4. Send a letter to all landlords encouraging them to be on their best behavior.
    5. Give awards for good rental properties to the property manager with a gift certificate.
    6. Neighbors of unsightly properties should take a picture of the offending property and mail it to the owner and manager. This is particularly important if the owner doesn't live in Provo so that they know about the condition of the property.

     
  • Q: Aren't you advocating rights without responsibility?
    A: No, not at all! There are many opponents who don't even take the time to listen to us who think that we're advocating rights with zero responsbility. Nothing could be farther from the truth!
    Every homeowner and landlord and renter needs to be responsible and realize that our privileges to live in this great city come with a price of responsibility. We think you'll see throughout our answers an underlying sense of responsibility. It is important that we hold responsible the accountable parties and not punish those that are innocent!
     
  • Q: What about having the best possible environment to raise children in?
    A: Yes, neighborhoods and communities really need to act together as a village to help raise the children. There does need to be enough adults participating in the churches and organizations and schools. But whether or not an adult gets involved is not necessarily tied to parental status. It has nothing to do with marital or parental status if your heart is full of love and kindness for your fellow beings.But some say "don't only the long-term residents get involved?" That's partially true but the long term residents should encourage their short term neighbors to participate. There might be parents that don't want to get involved since they know they'll only be here for one or two years. We need to gently encourage those short term parents to get involved and not make them feel bad if they can only help for a few months. And why can't single adults with no children get involved also? We know many, many, single schoolteachers and singles who serve in family ward callings working with children. There are also unrecognized numbers of single adults who volunteer in community programs here in Provo. Everybody contributes. It is not a function of marital status. So what can be done to encourage more family friendly neighborhoods?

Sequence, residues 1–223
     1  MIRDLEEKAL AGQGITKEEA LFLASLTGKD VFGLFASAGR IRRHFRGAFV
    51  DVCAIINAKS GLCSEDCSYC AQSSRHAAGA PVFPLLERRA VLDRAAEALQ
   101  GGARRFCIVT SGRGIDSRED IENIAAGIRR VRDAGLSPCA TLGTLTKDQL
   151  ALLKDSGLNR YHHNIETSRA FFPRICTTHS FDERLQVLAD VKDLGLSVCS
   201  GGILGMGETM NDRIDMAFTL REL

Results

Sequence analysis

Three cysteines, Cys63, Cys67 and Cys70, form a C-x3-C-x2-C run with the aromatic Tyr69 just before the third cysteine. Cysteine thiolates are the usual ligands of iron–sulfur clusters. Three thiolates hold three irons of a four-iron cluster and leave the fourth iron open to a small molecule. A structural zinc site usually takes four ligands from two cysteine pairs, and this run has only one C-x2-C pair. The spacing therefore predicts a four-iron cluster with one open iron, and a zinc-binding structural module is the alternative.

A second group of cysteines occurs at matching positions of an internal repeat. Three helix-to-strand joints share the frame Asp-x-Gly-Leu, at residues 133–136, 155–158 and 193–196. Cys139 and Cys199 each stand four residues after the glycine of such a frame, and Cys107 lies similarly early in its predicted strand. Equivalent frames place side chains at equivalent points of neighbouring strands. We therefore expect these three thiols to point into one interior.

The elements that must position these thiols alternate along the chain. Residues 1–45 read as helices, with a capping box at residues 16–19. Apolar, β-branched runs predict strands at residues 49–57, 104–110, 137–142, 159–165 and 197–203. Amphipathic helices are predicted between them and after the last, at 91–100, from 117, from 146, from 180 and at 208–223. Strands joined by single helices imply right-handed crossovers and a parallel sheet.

1. Everybody should first look inwards and make sure that they're living good principles so the example that they set to the rising generation is good. The principles that people live by is the very most important thing that makes a family friendly neighborhood.
    2. Long term residents should reach out to their neighbors that are renters or single or both. Especially if they don't go to the same church or school. Do you realize how many people in Provo don't talk regularly with their neighbors who live next to them yet go to a different church or ward?
    3. Encourage renters or singles to get involved in local organizations even if they're only here for a short time. Who says that leadership positions at church, or school, or clubs have to be filled by people who live in the area for many years?
    4. A neighborhood is not a clique; it's not a club for long-term residents; we should welcome everybody with a hand of friendship.